DR. ROY BRISTER, Managing Director of Nutrition and Feed Mill Operations
Chickens are naturally omnivores, requiring certain essential nutrients like fat, protein, vitamins and minerals.
Most of our chickens eat a mix of corn and soybean meal, animal protein, prebiotics and probiotics and essential oils. The corn and soybean meal are good sources of fat and protein. The animal protein, which may include beef meat and bone meal, chicken meal or bakery by-product meal, makes up less than five percent of the diet but is also a major source of phosphorus, calcium and vitamins. The prebiotics and probiotics and essential oils aid in digestion. Overall, these diverse sources of protein and ingredients allow for better gut health in our flocks.
In Australia, chicken diets are higher in animal protein because there are more animals than crops there, so they can source more essential nutrients from animal protein. In Asia, diets are lower in animal protein because they prefer to eat most all of the animal—meat and offal—so they don’t have anything discarded to convert into feed.
In the U.S., since we prefer to eat the prime meat cuts and discard the lesser cuts of meat as well as bone and innards, we can use that wholesome protein and feed it to our chickens, which makes up that last less-than-five-percent of the chicken’s diet. This is a more sustainable solution for wholesome protein that would otherwise be thrown out, causing a surplus of this “waste.”
Some consumers are asking for vegetarian fed or “veg fed” chickens. Their feed contains no ingredients derived from animals. Instead, they get essential nutrients from plants or inorganic sources to compensate for the lack of animal protein. For example, phosphorous is sourced from rock mines around the world instead of from animal protein. All in all, about one-third of chickens in the U.S. are fed vegetarian diets.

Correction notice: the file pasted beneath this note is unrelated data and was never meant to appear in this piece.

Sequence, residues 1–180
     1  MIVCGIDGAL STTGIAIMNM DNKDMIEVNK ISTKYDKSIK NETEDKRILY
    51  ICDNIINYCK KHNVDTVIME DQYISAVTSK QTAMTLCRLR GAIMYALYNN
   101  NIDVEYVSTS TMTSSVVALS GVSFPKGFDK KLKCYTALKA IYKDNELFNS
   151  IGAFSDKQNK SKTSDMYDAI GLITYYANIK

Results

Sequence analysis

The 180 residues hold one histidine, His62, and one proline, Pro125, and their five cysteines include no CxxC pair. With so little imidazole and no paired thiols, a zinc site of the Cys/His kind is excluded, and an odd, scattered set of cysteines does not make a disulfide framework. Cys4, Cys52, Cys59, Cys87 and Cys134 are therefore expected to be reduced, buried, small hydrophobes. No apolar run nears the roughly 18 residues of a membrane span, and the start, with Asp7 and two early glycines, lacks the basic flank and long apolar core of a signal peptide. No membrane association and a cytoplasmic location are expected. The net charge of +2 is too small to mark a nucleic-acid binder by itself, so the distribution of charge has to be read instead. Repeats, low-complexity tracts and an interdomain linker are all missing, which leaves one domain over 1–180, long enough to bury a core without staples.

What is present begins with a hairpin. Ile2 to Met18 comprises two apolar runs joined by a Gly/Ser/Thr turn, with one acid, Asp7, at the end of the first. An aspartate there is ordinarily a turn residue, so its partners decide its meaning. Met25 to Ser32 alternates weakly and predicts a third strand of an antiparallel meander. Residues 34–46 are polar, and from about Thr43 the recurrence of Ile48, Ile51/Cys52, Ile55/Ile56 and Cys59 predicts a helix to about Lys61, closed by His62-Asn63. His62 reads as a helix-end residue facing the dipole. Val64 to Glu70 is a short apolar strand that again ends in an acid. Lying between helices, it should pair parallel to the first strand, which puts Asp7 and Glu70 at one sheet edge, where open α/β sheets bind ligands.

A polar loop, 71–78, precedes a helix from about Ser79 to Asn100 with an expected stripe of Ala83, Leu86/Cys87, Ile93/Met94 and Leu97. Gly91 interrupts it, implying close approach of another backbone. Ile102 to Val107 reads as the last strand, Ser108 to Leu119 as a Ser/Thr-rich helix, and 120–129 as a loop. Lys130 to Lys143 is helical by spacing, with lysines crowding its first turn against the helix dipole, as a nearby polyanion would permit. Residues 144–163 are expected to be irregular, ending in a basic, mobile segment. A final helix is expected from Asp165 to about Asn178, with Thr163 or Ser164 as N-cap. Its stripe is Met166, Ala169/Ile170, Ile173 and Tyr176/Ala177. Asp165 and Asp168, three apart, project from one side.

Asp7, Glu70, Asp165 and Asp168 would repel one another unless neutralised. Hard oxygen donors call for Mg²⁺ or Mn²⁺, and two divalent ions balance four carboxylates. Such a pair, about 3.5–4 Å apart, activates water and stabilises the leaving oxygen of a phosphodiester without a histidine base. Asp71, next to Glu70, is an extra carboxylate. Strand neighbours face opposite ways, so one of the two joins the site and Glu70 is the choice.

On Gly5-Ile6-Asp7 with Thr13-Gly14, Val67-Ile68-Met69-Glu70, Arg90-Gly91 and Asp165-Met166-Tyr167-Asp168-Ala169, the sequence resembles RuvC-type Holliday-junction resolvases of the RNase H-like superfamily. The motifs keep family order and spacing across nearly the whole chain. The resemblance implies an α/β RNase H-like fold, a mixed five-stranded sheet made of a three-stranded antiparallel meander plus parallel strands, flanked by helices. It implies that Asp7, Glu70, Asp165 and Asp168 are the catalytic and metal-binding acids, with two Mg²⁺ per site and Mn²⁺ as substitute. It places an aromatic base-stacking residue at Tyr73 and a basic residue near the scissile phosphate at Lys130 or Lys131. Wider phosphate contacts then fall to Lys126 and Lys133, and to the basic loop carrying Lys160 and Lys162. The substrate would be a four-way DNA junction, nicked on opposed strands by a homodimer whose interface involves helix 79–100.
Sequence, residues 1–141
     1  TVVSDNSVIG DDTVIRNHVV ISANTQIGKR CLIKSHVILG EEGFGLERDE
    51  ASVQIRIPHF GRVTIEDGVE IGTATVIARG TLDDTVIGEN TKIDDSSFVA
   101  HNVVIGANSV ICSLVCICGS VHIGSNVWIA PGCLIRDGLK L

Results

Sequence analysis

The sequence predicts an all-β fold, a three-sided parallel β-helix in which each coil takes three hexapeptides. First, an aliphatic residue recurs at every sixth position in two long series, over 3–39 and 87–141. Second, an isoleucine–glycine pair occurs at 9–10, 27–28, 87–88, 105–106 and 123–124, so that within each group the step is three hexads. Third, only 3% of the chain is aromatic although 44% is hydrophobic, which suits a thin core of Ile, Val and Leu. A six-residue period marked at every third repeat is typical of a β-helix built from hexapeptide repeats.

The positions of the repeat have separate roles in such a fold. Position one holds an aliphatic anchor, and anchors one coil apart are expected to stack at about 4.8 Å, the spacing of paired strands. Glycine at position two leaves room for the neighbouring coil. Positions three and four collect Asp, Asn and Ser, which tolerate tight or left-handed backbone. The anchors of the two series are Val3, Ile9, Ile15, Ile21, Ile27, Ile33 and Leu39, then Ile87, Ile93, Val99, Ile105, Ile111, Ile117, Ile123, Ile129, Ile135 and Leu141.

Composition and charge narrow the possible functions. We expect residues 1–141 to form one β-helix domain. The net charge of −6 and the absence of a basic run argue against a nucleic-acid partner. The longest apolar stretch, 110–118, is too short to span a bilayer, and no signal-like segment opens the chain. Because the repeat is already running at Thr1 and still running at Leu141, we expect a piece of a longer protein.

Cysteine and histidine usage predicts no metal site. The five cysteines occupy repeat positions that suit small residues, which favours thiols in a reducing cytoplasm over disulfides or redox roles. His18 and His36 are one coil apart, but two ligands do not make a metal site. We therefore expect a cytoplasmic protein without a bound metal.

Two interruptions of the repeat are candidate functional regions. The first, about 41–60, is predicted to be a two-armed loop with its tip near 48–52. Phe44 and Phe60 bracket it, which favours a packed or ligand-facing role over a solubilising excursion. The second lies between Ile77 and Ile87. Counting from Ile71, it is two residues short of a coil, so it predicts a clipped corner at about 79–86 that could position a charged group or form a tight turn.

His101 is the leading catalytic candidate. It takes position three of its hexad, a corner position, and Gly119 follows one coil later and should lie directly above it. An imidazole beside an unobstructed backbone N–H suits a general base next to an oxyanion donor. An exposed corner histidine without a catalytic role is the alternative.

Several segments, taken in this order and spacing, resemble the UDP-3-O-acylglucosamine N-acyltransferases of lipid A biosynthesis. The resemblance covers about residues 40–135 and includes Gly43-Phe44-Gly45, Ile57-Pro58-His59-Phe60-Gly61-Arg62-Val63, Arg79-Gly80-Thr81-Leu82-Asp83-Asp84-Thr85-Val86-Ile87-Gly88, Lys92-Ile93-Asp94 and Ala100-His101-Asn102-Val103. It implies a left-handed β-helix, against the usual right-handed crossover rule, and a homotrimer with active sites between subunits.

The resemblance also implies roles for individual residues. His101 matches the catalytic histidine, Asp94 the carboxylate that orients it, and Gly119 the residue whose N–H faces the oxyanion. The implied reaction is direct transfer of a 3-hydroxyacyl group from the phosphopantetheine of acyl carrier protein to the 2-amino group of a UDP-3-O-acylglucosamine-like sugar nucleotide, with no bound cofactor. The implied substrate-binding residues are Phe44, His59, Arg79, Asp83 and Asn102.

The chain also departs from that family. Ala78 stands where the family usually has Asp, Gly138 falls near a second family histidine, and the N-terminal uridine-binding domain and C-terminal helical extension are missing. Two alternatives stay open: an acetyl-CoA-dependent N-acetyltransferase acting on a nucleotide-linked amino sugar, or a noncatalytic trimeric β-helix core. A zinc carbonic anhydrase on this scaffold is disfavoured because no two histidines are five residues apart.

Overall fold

So, what is best?
We must ask ourselves what is best for the chicken? What is best for the environment? What is best for consumers? What is best for flavor and taste?
Feeding chickens a small amount of animal protein meets their nutritional needs and provides a purpose for otherwise discarded meat and parts. It’s also similar to chickens’ naturally omnivorous diets. Vegetarian diets supplement to meet those needs, though they don’t offer a solution to the discarded ingredients. Studies show no difference in flavor or taste of the meat.
Ultimately, we believe consumers should have choices and that’s what we provide at Tyson.
Published January 7, 2019.
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